China Hunts Culprits in Disco Fire
LUOYANG, China (AP) _ Premier Zhu Rongji pledged on Wednesday to punish those responsible for a Christmas night fire that fatally trapped hundreds of holiday revelers in a fourth-floor disco with a long history of safety violations.
Police questioned 20 people with ties to the shopping center and put them under close watch in connection with the deaths Tuesday of 309 people, most of whom died in the disco, state television reported.
Officials throughout China were ordered by the Public Security Ministry to shut down unlicensed and unsafe dance halls and to check hotels, shopping malls and other public venues.
In Luoyang, relatives tearfully scanned the lists of victims as reports emerged of years of safety violations at the Dongdu Commercial Building. The shopping center was declared unsafe three years ago but never made fire safety improvements, the official Xinhua news agency reported.
The fire apparently began in a furniture shop below ground, with the flames only reaching the first-floor lobby, Xinhua said. But smoke rushed quickly up stairwells, suffocating trapped partygoers.
The fourth-floor disco had no emergency exits, Xinhua said, and of the two regular exits, one was filled with smoke and the other hidden from view behind a bar, survivors quoted on the Web sites of local newspapers said. Smoke also prevented firefighters from getting inside, and panicked patrons were hanging out windows and balconies hoping for rescue.
Wang Weihong, a survivor quoted by the Southern Daily newspaper, said she and her boyfriend escaped by smashing the window in a private back room of the disco and were rescued by firefighters at 1 a.m., half an hour after the fire was put out. Three others in the room succumbed to the smoke and died, the newspaper reported.
Other victims included construction workers doing renovations elsewhere in the building. Construction workers in China often labor around the clock, and at least 100 were at work when the fire occurred, the Southern Daily reported.
Investigators had not ruled out any causes, at least publicly.
In Beijing, Zhu and Vice President Hu Jintao ``ordered a thorough investigation into the cause of the fire and severe punishment of those responsible,″ China Central Television reported.
Authorities have turned up a history of delinquent management at the building, particularly over fire standards. Provincial inspectors listed the building, leased to private managers, as one of the 40 most dangerous commercial outlets in Henan province in 1997, Xinhua said.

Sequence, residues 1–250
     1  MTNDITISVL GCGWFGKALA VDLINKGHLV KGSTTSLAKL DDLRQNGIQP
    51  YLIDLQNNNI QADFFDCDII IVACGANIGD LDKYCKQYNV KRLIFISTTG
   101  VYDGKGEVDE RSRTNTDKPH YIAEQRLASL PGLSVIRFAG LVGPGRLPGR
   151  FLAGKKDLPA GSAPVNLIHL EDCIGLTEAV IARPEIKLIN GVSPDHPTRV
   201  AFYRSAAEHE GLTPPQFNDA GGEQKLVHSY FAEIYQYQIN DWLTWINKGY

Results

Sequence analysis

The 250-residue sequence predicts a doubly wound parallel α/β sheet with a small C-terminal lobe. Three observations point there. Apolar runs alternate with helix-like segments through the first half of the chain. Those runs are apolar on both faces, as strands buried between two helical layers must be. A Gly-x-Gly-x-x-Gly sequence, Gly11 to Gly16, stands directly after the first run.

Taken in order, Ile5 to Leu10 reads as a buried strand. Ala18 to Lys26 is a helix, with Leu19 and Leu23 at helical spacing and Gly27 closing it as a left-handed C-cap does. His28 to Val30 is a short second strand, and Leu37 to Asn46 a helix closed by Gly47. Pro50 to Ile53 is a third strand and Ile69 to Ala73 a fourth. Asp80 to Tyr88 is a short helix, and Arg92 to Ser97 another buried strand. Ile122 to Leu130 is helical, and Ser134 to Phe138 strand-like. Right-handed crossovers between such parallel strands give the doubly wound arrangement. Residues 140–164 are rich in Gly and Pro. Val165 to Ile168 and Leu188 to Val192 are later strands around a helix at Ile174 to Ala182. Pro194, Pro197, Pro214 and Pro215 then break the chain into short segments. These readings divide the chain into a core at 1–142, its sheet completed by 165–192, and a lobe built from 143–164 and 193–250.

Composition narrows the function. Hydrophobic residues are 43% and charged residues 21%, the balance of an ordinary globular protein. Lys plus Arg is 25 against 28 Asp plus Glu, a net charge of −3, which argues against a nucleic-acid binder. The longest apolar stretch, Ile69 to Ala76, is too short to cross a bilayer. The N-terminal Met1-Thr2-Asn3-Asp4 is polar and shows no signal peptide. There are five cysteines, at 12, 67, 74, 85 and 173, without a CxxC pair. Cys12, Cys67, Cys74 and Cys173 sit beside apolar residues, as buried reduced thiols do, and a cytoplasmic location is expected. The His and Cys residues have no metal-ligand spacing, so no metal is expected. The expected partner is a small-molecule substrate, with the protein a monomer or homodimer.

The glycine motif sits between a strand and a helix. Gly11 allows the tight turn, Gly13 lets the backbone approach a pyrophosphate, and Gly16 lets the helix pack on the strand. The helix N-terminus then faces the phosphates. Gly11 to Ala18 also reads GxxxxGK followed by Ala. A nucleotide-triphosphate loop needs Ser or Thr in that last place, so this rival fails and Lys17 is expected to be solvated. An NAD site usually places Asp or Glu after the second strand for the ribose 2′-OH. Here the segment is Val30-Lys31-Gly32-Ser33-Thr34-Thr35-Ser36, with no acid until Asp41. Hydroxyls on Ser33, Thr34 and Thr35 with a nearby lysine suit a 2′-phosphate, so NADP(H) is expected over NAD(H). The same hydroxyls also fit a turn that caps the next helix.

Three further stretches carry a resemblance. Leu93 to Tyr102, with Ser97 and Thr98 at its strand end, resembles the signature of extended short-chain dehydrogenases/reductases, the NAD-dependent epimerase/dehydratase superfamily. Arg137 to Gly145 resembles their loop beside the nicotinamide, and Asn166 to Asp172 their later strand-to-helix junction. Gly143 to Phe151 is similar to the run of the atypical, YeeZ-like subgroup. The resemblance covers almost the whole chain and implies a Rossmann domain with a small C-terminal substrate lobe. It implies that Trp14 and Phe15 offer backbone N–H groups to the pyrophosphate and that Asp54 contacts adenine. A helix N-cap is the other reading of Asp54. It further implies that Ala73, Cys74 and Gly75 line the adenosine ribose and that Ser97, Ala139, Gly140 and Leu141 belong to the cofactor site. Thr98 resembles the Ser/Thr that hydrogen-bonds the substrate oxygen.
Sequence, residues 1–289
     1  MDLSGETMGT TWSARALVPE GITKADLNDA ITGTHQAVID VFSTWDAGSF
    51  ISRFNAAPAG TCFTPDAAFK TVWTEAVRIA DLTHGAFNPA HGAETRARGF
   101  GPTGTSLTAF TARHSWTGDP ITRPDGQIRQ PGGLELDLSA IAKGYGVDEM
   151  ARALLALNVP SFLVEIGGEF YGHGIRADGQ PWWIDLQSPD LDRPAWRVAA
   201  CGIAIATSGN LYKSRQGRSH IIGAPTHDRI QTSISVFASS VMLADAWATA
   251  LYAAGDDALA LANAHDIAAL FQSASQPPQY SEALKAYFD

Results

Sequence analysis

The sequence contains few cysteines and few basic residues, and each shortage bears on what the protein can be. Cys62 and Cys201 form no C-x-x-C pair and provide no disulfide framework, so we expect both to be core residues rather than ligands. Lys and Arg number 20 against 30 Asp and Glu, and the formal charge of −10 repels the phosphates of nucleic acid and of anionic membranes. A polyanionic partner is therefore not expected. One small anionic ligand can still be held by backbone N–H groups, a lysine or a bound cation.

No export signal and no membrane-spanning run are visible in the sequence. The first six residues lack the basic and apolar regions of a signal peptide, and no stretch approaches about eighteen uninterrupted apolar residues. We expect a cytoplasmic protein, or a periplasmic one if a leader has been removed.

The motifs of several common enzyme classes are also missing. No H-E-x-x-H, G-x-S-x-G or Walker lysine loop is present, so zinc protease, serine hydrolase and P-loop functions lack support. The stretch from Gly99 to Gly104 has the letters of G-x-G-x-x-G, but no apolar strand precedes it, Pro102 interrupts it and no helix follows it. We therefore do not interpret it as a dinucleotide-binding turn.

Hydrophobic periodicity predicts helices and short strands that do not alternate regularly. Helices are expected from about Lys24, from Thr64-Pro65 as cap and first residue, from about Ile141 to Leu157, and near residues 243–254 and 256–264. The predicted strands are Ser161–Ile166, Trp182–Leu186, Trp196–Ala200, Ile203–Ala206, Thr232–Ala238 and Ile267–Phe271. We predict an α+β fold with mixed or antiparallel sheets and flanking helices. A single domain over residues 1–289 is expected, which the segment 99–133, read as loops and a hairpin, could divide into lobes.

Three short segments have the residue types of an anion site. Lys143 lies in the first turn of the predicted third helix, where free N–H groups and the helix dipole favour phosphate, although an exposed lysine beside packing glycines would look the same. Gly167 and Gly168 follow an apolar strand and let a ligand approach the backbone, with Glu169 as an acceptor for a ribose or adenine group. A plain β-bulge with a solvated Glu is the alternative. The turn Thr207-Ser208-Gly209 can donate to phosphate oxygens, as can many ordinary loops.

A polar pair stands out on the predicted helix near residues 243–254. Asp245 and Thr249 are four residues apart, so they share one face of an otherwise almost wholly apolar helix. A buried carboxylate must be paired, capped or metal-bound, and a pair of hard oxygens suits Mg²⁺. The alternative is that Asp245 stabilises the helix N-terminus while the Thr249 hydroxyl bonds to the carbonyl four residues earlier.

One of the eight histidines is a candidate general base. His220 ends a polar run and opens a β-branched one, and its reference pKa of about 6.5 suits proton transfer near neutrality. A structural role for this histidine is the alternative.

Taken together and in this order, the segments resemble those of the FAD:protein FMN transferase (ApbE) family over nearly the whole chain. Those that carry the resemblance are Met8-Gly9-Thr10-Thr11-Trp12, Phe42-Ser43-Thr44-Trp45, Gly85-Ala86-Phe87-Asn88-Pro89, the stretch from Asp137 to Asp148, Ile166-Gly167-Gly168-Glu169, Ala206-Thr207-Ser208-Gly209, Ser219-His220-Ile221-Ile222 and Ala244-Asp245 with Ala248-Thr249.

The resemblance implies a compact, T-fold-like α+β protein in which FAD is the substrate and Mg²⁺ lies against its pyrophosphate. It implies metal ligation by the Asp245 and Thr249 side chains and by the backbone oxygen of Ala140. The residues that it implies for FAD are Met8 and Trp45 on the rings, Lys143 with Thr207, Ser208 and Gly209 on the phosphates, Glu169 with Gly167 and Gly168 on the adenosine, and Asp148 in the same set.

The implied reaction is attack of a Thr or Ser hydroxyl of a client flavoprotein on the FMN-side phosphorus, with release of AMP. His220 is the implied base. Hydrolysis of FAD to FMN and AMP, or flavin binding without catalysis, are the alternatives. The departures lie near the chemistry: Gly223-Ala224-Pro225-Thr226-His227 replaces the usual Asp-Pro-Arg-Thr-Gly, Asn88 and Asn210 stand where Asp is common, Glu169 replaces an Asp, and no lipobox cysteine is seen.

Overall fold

Luoyang authorities pulled the building’s license to lease recreational space, but managers continued to rent out the fourth floor as a disco, the report said. Shop space was leased to private businesses without legal contracts, it said.
The managers recently signed a contract with a Taiwanese investor to make renovations, Xinhua said, and work was under way when the fire broke out.
The Luoyang city government spokesman, who spoke on condition his name not be used, confirmed the Xinhua report but refused to provide further details.
Officials stood by the death toll of 309, but other news reports suggested it could be higher. The Southern Daily newspaper reported that some 600 people were in the shopping center at the time of the fire, 500 of them in the disco, based on ticket sales.
On Wednesday, scores of people filed into a makeshift government office in the downtown Luoyang Hotel for word on family members feared dead. Bodies were being kept at a morgue elsewhere in Luoyang, an ancient city located along the Yellow River.
Emerging from the building, one woman crumbled to the grass after learning that her 28-year-old brother was among the dead.
As angry and anxious relatives pushed forward demanding word of missing family members, paramilitary police restored order by joining hands in a human chain around the crowd. City officials pleaded for calm.
The blaze was the worst in China since the Dec. 8, 1994, fire in a theater in the far western region of Xinjiang that killed 385 people, most of them children.